Like Alison Spear, Bob Lidsky believes in comfort, beauty and familiar surroundings. His gateway built two years ago on 50 acres in Bucolic Hills not too far from the woods and ponds that Thoreau immortalized, has quickly become a family ShangriLa. Lidsky, a sought-after kitchen and bath designer in the Metropolitan New York area, designed the house so it would look right at home among local farms; and yet, he wanted it to be a relaxing, beautiful retreat. He wound up designing a compound of a main house, plus guesthouse/barn, to take advantage of glorious views and provide plenty of room for his large family and several dogs. The house features such amenities as radiant heated floors, a custom kitchen with granite counters, and topnotch furnishings.

At present, Lidsky and wife, Beverly, spend vacations and many weekends at the house, but like many second-home owners, they plan to retire there some day. "Living here is a complete contrast to the hurly-burly life of the New York City area," says Lidsky. "We knew that it would be great to be away from all the nose and stress, and we knew it would be great communing with nature. What we didn't realize was the wonderful sense of community we would gain. There are a lot of 'escapees' of the metro area here, and we have made real friends. Our life has changed, and we love it."

Long Distance Design

So how does a designer profit from the vacation home market? The fact is that there is no difference between designing a vacation home and a primary residence; so a client who likes what a designer did with an everyday home, should see the advantage of continuing the relationship when a second home enters the picture. As Marilee Schempp, a Summit, New Jersey, designer explains, "The principles of good design are universal. Whether the client is in the Northeast, Southwest, or even abroad, the same principles apply. Recently we designed a house in Hawaii and it was one of the most uncomplicated projects we have ever encountered. "Think about it. Doesn't it make sense to work with a familiar designer located nearby rather than choosing a designer 'out there'? We had already worked on the client's home here and a relationship of trust had been developed. So we planned the entire project in New Jersey using blueprints and progress photos from the contractor on the Hawaiian site. We avoided tropical cliches; instead opting for a relaxed, comfortable style of textured neutrals and bright red accents, a color found in local flowers.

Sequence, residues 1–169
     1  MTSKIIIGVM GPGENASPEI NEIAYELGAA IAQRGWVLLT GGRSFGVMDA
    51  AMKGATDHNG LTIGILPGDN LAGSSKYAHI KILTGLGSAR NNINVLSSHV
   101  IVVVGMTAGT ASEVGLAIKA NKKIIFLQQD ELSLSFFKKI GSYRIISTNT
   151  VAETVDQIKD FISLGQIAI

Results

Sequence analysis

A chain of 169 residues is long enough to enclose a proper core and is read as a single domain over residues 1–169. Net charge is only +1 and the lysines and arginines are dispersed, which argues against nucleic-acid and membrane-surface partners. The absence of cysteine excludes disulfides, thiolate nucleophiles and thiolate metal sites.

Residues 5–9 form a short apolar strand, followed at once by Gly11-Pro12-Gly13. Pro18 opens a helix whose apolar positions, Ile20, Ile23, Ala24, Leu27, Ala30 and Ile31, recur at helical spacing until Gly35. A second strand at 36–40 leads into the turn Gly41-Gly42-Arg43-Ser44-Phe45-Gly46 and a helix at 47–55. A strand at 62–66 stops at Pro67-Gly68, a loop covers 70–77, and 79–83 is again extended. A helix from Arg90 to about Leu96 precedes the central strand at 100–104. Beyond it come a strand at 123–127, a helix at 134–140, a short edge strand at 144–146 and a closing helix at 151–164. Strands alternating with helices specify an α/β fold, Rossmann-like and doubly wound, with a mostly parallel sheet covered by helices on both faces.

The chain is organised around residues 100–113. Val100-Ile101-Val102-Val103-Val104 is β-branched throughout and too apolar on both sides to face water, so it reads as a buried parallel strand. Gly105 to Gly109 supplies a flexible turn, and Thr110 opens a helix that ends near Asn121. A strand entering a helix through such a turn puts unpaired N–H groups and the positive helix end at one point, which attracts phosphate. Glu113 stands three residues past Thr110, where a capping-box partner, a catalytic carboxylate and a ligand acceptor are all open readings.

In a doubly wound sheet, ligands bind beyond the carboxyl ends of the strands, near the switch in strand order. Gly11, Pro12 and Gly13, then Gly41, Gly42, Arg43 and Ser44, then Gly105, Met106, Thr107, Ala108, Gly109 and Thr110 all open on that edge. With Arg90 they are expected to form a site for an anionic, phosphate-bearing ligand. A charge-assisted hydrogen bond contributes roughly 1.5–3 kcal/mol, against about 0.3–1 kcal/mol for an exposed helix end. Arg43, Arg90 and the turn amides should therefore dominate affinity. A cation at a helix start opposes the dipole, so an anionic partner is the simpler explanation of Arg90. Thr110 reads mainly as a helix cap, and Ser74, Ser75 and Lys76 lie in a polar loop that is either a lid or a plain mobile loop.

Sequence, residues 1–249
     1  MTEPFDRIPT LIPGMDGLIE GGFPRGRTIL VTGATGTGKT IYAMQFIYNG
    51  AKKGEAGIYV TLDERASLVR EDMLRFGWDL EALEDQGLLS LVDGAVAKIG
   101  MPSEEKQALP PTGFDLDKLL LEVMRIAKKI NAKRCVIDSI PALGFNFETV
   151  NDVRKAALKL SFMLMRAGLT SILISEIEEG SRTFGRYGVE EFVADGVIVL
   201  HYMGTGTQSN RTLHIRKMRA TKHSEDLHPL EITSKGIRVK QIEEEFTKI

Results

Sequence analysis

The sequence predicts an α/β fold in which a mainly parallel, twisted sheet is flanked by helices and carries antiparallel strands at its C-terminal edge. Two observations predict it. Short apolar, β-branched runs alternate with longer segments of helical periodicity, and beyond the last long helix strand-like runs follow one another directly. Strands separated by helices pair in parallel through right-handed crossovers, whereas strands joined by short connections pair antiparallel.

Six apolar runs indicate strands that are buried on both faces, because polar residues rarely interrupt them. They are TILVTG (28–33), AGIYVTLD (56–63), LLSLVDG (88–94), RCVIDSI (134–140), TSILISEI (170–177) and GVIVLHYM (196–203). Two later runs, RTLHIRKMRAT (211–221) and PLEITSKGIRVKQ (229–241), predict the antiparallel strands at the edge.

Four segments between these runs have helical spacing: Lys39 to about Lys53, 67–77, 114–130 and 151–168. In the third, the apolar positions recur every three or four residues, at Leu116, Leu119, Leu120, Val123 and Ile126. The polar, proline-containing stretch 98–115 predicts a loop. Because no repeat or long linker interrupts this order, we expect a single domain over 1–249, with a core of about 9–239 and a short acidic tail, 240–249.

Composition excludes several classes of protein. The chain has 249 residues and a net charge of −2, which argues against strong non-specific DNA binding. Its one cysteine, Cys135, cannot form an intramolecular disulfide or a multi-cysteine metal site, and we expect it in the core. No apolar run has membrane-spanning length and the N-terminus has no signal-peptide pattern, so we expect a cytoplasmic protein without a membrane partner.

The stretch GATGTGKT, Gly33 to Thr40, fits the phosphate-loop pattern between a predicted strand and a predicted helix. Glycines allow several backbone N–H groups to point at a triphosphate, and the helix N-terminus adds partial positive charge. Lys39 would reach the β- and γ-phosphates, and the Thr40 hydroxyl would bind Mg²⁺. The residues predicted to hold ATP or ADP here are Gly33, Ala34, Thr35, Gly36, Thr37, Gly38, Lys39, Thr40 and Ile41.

"Since the home was on a very small island with little access to shopping, everything needed right down to candles and light bulbs was consolidated at our New Jersey warehouse and loaded into containers. I flew to Hawaii to unseal the containers and eight days later, under my supervision, the job was complete; down to fresh orchids obtained from a local grower. Three days later, the clients arrived from New Jersey to enjoy their completed island home," explains Schempp.

Designers will no doubt feel out of the loop when they see photo reportage from the Texas ranch that is the favorite vacation spot of President George W. Bush. The 1,500 acre spread does have pretty scenery; a river, a canyon, cliffs, and oak trees so gnarled they look like drawings from a Grimm's Fairy Tale. Guests are put up on sofas in the bunkhouse with cattle scraping at the walls. Still, the ranch fits the way the president views himself: as a simple man without fancy airs. It is his refuge, his idea of heaven; and in the end, isn't that what we all want from a vacation homes?